Chinese biochips reflect growing biotech spending

BEIJING -- Biotech firm CapitalBio hopes that patients in the US and Europe will rely on medical technology designed in China, not just made there.
Written by Tom Hancock, Contributor

BEIJING -- China may be associated with low-tech manufacturing, but Beijing biotech firm CapitalBio offers something different. In the sunlit atrium of CapitalBio’s Beijing R&D center, CEO Jing Cheng stands proudly next to a display case containing products based on biochip technology. The products were designed and manufactured in China, and have generated nearly 150 patents for his firm.

Biochips are about the same size as computer chips, but are covered with short strands of DNA, rather than electronic circuits. By testing how different proteins bind with the DNA on the chip, scientists can determine the genetic makeup of different proteins. The technology can be used to screen patient’s inherited genetic traits, including inherited allergies and disorders. “This device can be used to screen for 80 genetic disorders,” Cheng said, pointing at a tiny diagnosis kit. Another device, whose plastic moulding resembles a computer printer, contains a robotic arm for running tests on biochips. There are also non-biochip based devices, including a tiny kit for testing the heat tracking ability of human sperm. “Previous devices only checked sperm’s speed of movement,” he said.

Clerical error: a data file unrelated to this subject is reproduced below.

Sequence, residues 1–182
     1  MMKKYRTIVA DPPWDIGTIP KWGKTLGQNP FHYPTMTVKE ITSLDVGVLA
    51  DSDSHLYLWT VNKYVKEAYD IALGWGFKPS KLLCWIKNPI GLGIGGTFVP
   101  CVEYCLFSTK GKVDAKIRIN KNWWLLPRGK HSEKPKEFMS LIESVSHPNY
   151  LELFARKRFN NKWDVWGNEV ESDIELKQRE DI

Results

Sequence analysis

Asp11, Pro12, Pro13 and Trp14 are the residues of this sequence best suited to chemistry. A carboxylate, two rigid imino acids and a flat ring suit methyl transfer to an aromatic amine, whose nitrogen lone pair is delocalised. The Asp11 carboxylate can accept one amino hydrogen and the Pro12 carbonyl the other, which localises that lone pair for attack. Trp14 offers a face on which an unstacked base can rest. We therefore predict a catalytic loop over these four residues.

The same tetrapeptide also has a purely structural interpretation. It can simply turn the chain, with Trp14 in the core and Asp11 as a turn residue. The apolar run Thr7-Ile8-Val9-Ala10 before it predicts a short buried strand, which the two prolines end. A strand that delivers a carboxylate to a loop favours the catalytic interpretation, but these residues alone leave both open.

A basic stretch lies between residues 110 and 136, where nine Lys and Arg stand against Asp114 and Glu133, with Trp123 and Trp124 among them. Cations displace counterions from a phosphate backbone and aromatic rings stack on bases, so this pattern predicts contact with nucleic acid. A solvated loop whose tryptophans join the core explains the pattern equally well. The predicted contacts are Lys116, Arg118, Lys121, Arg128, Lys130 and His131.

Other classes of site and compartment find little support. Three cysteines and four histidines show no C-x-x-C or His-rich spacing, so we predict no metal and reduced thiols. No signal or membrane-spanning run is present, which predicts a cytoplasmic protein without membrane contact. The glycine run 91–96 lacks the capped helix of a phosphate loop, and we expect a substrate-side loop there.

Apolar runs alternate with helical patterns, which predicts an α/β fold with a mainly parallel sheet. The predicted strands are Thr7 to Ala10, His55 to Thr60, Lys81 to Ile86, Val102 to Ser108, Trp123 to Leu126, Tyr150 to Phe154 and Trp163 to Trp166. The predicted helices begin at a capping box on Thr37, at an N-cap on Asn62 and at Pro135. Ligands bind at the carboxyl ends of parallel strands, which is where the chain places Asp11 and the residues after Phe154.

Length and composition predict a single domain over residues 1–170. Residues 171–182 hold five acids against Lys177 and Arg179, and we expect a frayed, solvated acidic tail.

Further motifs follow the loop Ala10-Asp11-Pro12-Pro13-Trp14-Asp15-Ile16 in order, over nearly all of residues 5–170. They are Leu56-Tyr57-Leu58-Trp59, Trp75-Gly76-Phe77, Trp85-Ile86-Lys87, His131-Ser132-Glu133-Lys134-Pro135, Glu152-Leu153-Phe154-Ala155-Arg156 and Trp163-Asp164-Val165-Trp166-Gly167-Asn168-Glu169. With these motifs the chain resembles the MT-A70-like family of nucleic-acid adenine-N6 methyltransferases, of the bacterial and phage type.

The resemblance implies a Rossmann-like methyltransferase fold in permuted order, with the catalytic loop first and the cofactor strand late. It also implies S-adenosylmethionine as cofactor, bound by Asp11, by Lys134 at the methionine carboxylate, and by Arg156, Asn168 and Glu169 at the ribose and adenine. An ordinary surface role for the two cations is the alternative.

China has been investing heavily in biotechnology for over a decade, and investment is set to increase over the next five years. China's government has named biotechnology as one of seven strategic industries which are set to receive 1.7 trillion USD in government funding over the next five years. TheUS has invested about a trillion dollars into the biotech sector since 2000, from public and private sources.

CapitalBio is based in Beijing's Zhongguancun Life Sciences Park, home to over a dozen biotech firms.